A quickie on this. Based on the true-life memoir of Colin Clark (bon viveur brother of political diarist Alan Clark), it recalls the privileged Clark's entry into the UK movie industry in the 1950s under the wing of family acquaintance Sir Laurence Olivier. Assigned as third AD to a corny Olivier vehicle (The Prince and the Showgirl) starring the original manic pixie dream-girl Marilyn Monroe, Clark finds himself unofficially drafted as Marilyn's companion, initially to keep an eye on her but ultimately succumbing to her charms, becoming besotted with the troubled star.
Most notable for a solid impersonation of Marilyn by Michelle Williams, it actually offers little beyond verisimilitude. The other performances tend toward the unremarkable (excepting Zoe Wanamaker's humorous turn as Paula Strasberg, and Philip Jackson as Marilyn's hangdog bodyguard). Eddie Redmayne, the lead, is believably callow but he cannot carry the film, nor can any amount of scenery chomping from Ken Branagh as Sir Larry.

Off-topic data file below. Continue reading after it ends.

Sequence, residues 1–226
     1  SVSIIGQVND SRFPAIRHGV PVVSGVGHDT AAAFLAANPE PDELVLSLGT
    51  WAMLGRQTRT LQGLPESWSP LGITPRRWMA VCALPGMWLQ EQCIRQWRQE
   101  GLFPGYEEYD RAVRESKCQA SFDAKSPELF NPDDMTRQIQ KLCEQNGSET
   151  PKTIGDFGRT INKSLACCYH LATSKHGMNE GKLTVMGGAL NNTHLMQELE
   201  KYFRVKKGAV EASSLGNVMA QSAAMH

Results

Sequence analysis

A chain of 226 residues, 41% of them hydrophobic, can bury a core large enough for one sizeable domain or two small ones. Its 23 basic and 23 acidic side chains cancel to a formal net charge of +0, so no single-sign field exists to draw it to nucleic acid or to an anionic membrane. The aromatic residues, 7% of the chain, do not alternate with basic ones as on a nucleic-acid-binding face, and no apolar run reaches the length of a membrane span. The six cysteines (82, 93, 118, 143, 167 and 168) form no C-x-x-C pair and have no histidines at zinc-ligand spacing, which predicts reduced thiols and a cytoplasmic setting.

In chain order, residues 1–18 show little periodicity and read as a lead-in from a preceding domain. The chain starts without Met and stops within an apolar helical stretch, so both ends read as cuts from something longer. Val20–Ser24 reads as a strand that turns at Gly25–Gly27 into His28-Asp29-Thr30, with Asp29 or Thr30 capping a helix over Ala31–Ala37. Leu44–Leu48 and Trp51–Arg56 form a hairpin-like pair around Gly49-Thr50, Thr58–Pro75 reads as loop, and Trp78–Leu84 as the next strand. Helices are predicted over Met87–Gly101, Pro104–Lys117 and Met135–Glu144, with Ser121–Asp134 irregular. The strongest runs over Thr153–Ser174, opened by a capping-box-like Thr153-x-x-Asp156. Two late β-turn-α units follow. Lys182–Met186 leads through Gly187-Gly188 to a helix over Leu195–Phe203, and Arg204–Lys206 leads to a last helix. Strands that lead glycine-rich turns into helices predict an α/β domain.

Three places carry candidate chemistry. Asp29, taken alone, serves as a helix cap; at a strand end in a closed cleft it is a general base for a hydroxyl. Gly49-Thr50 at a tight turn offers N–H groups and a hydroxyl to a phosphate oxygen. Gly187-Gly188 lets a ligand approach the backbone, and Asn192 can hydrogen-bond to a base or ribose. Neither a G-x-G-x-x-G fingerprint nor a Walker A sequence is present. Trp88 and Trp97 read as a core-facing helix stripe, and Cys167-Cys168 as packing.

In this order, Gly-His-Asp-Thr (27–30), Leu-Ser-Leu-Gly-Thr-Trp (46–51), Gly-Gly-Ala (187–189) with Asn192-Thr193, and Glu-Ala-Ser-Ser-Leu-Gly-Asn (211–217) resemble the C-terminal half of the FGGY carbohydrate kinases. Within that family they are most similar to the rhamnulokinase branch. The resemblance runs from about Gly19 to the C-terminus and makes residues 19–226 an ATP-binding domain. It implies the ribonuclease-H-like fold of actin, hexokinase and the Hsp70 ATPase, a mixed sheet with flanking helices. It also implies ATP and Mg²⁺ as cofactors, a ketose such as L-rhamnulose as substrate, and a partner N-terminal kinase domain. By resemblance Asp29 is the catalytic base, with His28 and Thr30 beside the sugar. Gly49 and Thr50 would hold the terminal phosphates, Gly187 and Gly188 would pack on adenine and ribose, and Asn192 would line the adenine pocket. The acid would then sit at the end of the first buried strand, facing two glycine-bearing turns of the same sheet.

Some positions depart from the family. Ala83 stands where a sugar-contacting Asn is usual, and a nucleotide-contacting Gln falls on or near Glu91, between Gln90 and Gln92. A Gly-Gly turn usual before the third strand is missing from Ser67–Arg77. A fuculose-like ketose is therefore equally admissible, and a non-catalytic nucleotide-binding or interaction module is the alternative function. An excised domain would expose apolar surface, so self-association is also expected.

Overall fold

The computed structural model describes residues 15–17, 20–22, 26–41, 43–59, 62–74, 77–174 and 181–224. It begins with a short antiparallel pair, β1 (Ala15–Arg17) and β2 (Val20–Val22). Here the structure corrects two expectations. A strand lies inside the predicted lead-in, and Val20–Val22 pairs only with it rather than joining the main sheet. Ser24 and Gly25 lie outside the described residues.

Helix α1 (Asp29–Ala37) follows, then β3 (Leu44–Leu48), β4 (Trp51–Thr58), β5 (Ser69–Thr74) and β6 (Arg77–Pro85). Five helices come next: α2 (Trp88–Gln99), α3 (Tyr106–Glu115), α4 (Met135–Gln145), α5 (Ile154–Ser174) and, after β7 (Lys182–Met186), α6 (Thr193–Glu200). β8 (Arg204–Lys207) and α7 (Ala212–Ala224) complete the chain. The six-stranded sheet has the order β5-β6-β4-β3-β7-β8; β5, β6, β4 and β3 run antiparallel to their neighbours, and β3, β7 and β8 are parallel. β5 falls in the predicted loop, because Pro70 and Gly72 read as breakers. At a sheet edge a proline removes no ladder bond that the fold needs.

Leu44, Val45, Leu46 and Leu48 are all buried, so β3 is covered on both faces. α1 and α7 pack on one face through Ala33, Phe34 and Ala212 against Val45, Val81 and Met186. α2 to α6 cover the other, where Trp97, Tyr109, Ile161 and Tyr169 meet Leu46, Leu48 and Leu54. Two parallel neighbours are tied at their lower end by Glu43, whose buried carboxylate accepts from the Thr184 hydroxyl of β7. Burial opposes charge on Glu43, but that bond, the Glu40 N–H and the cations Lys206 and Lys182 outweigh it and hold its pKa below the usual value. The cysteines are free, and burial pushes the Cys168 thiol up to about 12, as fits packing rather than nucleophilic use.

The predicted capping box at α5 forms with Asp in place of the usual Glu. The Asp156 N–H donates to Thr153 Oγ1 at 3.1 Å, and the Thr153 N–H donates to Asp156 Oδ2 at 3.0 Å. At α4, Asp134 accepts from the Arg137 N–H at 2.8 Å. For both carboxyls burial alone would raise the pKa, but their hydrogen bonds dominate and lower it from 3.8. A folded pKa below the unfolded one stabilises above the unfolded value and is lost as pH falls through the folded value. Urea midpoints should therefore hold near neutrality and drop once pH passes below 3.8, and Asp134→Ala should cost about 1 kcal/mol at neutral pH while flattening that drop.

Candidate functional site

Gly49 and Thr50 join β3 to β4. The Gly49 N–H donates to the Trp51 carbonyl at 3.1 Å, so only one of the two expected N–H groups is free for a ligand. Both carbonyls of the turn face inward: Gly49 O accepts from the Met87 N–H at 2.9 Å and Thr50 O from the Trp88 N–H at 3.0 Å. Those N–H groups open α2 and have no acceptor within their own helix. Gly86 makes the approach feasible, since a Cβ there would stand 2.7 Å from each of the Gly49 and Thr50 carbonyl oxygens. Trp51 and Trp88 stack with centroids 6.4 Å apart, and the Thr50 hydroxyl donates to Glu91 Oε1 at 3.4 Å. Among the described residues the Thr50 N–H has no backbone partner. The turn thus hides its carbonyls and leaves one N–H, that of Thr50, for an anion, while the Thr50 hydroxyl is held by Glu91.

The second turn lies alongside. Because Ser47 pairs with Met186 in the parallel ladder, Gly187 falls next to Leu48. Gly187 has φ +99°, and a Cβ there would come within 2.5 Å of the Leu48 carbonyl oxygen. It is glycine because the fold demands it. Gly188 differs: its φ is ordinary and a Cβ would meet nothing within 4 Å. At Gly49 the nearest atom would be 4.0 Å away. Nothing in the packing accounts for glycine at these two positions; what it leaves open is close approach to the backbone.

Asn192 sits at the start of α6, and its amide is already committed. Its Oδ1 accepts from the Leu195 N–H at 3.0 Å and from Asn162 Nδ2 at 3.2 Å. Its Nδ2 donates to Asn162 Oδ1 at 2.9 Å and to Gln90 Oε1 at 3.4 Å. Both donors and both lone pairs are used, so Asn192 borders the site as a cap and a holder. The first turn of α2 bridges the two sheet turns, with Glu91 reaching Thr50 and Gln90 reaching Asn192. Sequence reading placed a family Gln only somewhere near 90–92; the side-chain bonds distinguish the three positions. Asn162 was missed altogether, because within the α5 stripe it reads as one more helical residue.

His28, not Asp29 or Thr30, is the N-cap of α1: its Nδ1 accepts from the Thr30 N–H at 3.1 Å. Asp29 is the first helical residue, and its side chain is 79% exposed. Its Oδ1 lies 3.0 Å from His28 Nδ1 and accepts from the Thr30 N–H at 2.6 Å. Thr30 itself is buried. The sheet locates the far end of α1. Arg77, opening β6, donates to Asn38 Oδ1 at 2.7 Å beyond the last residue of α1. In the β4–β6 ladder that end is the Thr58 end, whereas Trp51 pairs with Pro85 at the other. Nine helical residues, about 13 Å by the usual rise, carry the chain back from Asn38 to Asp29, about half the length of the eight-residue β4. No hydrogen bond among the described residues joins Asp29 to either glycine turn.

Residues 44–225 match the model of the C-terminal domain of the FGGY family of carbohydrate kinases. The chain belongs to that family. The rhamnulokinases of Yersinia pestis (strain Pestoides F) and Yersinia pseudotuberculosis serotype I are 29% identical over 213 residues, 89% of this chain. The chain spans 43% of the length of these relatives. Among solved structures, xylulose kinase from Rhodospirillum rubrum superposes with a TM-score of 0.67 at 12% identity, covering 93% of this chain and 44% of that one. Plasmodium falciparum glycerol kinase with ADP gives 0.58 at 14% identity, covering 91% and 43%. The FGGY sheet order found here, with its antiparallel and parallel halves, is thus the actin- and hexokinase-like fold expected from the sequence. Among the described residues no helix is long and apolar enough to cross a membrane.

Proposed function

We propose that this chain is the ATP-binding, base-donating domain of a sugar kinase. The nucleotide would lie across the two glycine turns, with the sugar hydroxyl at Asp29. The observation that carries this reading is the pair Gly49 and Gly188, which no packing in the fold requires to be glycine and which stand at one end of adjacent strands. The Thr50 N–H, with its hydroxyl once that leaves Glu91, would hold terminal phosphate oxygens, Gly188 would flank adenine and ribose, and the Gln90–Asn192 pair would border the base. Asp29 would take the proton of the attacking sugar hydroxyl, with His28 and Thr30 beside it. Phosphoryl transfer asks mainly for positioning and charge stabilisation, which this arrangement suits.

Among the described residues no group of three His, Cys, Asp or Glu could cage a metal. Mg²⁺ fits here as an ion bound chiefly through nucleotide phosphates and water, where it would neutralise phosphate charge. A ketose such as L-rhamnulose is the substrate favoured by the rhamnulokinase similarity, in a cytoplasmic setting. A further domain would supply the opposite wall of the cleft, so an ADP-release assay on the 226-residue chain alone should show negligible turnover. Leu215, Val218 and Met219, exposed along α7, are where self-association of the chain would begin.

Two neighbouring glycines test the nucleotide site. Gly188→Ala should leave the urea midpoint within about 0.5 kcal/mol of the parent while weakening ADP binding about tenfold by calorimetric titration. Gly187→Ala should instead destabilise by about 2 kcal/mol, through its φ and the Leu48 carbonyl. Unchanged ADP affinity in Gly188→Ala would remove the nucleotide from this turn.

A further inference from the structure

The main problem, however, is the slightness of the story. Never in itself quite enough to sustain a whole movie, it bobs along fairly pleasantly to begin with but by the half-way point it's really starting to drag. As a species of romance, it is half-baked; the jeopardy seems false and the character payoffs are unearned. As a character study, it never knows quite what to do with Ms Monroe, lapsing into some eye-rollingly horrific nudge-winking dialogue to get suggest her troubled childhood and damaged personality.